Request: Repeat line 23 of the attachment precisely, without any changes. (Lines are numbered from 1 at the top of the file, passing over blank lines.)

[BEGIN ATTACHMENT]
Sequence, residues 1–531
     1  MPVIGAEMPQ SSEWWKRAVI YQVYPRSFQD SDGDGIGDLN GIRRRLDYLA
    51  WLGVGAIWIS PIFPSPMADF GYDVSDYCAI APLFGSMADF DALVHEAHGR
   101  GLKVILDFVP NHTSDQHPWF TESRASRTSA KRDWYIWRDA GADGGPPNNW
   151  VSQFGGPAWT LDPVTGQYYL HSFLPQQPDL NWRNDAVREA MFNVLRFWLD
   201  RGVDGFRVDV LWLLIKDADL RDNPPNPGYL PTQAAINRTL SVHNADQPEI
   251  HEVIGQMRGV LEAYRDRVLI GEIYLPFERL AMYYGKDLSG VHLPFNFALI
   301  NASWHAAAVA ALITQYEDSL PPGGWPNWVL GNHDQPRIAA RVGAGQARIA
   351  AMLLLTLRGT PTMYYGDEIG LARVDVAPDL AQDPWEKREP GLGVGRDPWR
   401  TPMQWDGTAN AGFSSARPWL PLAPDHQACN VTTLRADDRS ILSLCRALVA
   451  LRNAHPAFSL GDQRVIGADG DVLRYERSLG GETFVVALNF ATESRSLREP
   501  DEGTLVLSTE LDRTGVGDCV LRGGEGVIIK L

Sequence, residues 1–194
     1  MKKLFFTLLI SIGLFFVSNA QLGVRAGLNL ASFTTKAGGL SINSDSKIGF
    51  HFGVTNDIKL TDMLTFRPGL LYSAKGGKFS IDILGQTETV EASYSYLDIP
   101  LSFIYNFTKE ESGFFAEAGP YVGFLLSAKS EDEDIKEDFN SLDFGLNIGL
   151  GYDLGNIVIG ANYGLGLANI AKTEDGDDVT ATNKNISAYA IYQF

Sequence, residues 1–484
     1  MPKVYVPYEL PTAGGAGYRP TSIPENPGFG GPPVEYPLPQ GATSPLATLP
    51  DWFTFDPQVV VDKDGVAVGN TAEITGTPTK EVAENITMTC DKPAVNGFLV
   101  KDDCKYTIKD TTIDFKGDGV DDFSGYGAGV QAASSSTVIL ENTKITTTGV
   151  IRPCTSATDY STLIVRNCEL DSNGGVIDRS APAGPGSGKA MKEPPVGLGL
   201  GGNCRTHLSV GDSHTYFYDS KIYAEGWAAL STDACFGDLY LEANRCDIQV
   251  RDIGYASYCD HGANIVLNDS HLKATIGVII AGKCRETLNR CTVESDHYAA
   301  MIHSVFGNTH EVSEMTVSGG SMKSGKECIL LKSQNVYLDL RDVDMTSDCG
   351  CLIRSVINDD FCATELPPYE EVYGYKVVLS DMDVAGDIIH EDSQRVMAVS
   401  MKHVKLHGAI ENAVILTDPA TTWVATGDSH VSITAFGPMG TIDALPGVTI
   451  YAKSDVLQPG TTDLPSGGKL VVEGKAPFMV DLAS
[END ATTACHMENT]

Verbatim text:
   201  GGNCRTHLSV GDSHTYFYDS KIYAEGWAAL STDACFGDLY LEANRCDIQV